Gidei, in Bucharest, sums up the ethos of the network nicely: “So this is the natural path to growth. A network of small to medium law firms having the same philosophy, less bureaucracy, willing to provide best services, to undertake complex and sound projects, to be close to clients, and so on. That’s the philosophy.”

In short, Tomicek explains, the ultimate decision for firms invited to join CEE Attorneys is simple. “The main thing they have to consider is if they are ready to lose their identity and use the CEE Attorneys identity. If they are ready for that, then there’s a lot of advantages for them, because they will become international. They will get new clients, and have a better opportunity to hire better lawyers.”

A Successful First Year

Although CEE Attorneys has only been in existence for a little more than 18 months – with several of its members joining only in the past year – the results have been impressive. Tomicek claims that the Prague office has seen a 150% increase in clients over the past two years, from 98 in 2014 to 255 now.

“I think it’s been even more successful than I expected,” says Szmigiel. “I have always relied on myself, so my point of view was that I would try to do my best to help my friends develop, and I would use this network to improve myself in Poland. I didn’t expect to get something from them. But it appeared that, thanks to Zdenek Tomicek – his mentality and his business acumen – I get a lot of clients and business opportunities. And so definitely I got more than I expected from the network.”

Martinak, in Slovakia, shares the sentiment: “Otherwise it would be very hard for a mid-sized law firm from Slovakia to approach Polish clients if we didn’t have the ability to communicate in Polish, or have this kind of one-network offer. So clients are quite glad they can communicate in their language with the local office and manage the affairs from there.”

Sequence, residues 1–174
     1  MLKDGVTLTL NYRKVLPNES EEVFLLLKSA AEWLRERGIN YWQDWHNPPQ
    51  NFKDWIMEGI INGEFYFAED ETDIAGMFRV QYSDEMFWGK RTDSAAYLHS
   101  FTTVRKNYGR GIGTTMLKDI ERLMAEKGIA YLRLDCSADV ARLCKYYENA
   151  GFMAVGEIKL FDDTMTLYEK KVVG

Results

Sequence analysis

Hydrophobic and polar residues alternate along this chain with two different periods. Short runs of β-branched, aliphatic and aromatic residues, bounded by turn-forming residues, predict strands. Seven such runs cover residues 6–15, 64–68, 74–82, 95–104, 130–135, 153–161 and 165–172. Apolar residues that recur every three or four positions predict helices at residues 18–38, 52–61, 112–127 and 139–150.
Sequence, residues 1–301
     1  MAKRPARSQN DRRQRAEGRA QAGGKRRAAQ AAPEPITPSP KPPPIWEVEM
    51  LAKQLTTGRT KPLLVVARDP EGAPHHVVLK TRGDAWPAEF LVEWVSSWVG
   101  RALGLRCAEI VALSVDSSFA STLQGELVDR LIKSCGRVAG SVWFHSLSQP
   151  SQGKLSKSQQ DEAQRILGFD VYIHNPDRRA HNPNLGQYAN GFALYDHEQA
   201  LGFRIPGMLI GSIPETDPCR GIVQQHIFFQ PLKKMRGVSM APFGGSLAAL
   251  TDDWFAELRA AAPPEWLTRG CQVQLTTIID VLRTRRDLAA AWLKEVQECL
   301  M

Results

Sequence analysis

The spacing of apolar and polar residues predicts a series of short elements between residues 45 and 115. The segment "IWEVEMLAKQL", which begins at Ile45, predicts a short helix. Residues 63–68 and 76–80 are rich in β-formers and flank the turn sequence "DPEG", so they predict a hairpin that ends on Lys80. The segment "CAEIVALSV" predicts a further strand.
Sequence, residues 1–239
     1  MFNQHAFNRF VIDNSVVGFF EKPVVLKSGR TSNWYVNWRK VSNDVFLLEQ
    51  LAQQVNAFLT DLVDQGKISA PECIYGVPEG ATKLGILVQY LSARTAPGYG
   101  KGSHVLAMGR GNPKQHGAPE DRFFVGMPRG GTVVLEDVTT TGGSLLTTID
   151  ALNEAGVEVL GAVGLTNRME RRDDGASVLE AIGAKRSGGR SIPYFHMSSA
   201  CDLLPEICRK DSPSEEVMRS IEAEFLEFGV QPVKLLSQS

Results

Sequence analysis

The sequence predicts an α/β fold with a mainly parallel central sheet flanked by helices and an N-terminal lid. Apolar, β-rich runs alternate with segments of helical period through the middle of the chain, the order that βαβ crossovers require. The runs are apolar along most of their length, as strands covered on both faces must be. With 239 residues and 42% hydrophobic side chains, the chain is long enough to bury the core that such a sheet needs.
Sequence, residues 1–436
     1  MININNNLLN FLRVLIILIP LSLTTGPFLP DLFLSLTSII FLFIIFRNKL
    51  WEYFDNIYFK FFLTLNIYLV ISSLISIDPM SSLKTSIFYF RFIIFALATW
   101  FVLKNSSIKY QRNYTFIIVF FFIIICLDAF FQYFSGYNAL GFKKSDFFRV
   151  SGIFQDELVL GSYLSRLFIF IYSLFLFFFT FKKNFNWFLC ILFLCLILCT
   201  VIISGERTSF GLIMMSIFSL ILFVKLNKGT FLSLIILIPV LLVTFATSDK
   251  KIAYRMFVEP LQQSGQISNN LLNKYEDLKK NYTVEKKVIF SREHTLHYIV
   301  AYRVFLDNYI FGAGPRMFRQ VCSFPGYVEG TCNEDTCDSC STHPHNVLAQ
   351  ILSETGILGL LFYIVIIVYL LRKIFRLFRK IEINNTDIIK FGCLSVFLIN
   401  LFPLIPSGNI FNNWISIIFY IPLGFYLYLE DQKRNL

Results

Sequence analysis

And though Gidei and his Romanian colleagues have only just joined the network, Senapediene, in Vilnius, has already seen the benefits. “I’m very happy about Romania joining us, because it looks like Romania has a very similar attitude to Lithuania, and we’ve already found a lot of the same and interesting projects, and we’re already working on some projects.”

Having now whetted their taste for expanding the firm across CEE, the Partners at CEE Attorneys are now going full speed ahead. Tomicek says that the firm now has two plans for growth. The first, which he expects to be complete within the next two years, involves the opening of offices in Estonia, Hungary, Bulgaria, and Latvia. The second, running simultaneously but with a looser time frame, involves Ukraine and Russia. But their expansion plans are hardly written in stone, Tomicek says, and he and his colleagues remain open to other proposals or suggestions as well.

As the legal markets of CEE transform, with more international firms departing and more regional firms taking their place, there is, at the moment, no firm outside the Big Four covering the region “from Estonia to Bulgaria.” If the growth of CEE Attorneys in its first 18 months is any indication, that may not be true for much longer.

By Zdenek Tomicek, Michal Martinak, Daina Senapediene, Sergiu Gidei, and Andrzej Szmigiel, CEE Attorneys

This Article was originally published in Issue 3.5 of the CEE Legal Matters Magazine. If you would like to receive a hard copy of the magazine, you can subscribe here.